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This trial examined the feasibility, acceptability, and effect sizes of clinical outcomes of an intervention that combines inhibitory control training (ICT) and implementation intentions (if-then planning) to target binge eating and eating disorder psychopathology.
Seventy-eight adult participants with bulimia nervosa or binge eating disorder were randomly allocated to receive food-specific, or general, ICT and if-then planning for 4 weeks.
Recruitment and retention rates at 4 weeks (97.5% and 79.5%, respectively) met the pre-set cut-offs. The pre-set adherence to the intervention was met for the ICT sessions (84.6%), but not for if-then planning (53.4%). Binge eating frequency and eating disorder psychopathology decreased in both intervention groups at post-intervention (4 weeks) and follow-up (8 weeks), with moderate to large effect sizes. There was a tendency for greater reductions in binge eating frequency and eating disorders psychopathology (i.e. larger effect sizes) in the food-specific intervention group. Across both groups, ICT and if-then planning were associated with small-to-moderate reductions in high energy-dense food valuation (post-intervention), food approach (post-intervention and follow-up), anxiety (follow-up), and depression (follow-up). Participants indicated that both interventions were acceptable.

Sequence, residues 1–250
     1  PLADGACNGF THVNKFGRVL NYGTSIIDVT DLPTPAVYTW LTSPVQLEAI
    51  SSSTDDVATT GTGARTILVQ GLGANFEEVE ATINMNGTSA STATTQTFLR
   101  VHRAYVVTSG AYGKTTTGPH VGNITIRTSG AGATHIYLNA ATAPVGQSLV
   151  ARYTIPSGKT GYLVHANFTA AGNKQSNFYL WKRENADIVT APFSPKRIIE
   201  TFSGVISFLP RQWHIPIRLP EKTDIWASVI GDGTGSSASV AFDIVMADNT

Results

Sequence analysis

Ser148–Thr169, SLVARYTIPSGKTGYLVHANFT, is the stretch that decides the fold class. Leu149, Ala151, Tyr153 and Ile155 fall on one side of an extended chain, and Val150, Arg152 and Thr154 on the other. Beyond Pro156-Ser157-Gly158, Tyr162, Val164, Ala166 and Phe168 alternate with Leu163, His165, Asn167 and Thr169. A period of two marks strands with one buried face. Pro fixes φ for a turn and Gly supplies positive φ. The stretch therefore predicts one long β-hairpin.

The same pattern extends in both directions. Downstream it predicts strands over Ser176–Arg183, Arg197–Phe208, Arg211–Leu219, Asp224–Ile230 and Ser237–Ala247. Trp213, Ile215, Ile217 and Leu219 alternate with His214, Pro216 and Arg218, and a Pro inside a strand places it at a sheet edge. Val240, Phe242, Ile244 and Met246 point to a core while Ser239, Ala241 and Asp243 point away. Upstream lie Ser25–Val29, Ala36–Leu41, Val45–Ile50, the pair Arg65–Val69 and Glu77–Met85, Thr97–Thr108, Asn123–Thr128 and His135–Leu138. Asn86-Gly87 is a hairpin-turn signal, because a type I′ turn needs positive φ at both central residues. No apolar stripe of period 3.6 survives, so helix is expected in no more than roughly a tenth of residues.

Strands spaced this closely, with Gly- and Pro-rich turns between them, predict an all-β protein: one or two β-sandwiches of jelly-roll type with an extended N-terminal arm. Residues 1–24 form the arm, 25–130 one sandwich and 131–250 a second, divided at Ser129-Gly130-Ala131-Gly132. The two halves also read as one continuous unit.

The study findings reveal that combined ICT and if-then planning is associated with reductions in binge eating frequency and eating disorder psychopathology and that the feasibility of ICT is promising, while improvements to if-then planning condition may be needed.
Outpatient interventions for adult anorexia nervosa typically have a modest impact on weight and eating disorder symptomatology. This study examined whether adding a brief online intervention focused on enhancing motivation to change and the development of a recovery identity (RecoveryMANTRA) would improve outcomes in adults with anorexia nervosa.
Participants with anorexia nervosa (n = 187) were recruited from 22 eating disorder outpatient services throughout the UK. They were randomised to receiving RecoveryMANTRA in addition to treatment as usual (TAU) (n = 99; experimental group) or TAU only (n = 88; control group). Outcomes were measured at end-of-intervention (6 weeks), 6 and 12 months.
Adherence rates to RecoveryMANTRA were 83% for the online guidance sessions and 77% for the use of self-help materials (workbook and/or short video clips). Group differences in body mass index at 6 weeks (primary outcome) were not significant. Group differences in eating disorder symptoms, psychological wellbeing and work and social adjustment (at 6 weeks and at follow-up) were not significant, except for a trend-level greater reduction in anxiety at 6 weeks in the RecoveryMANTRA group (p = 0.06). However, the RecoveryMANTRA group had significantly higher levels of confidence in own ability to change (p = 0.02) and alliance with the therapist at the outpatient service (p = 0.005) compared to the control group at 6 weeks.
Augmenting outpatient treatment for adult anorexia nervosa with a focus on recovery and motivation produced short-term reductions in anxiety and increased confidence to change and therapeutic alliance.
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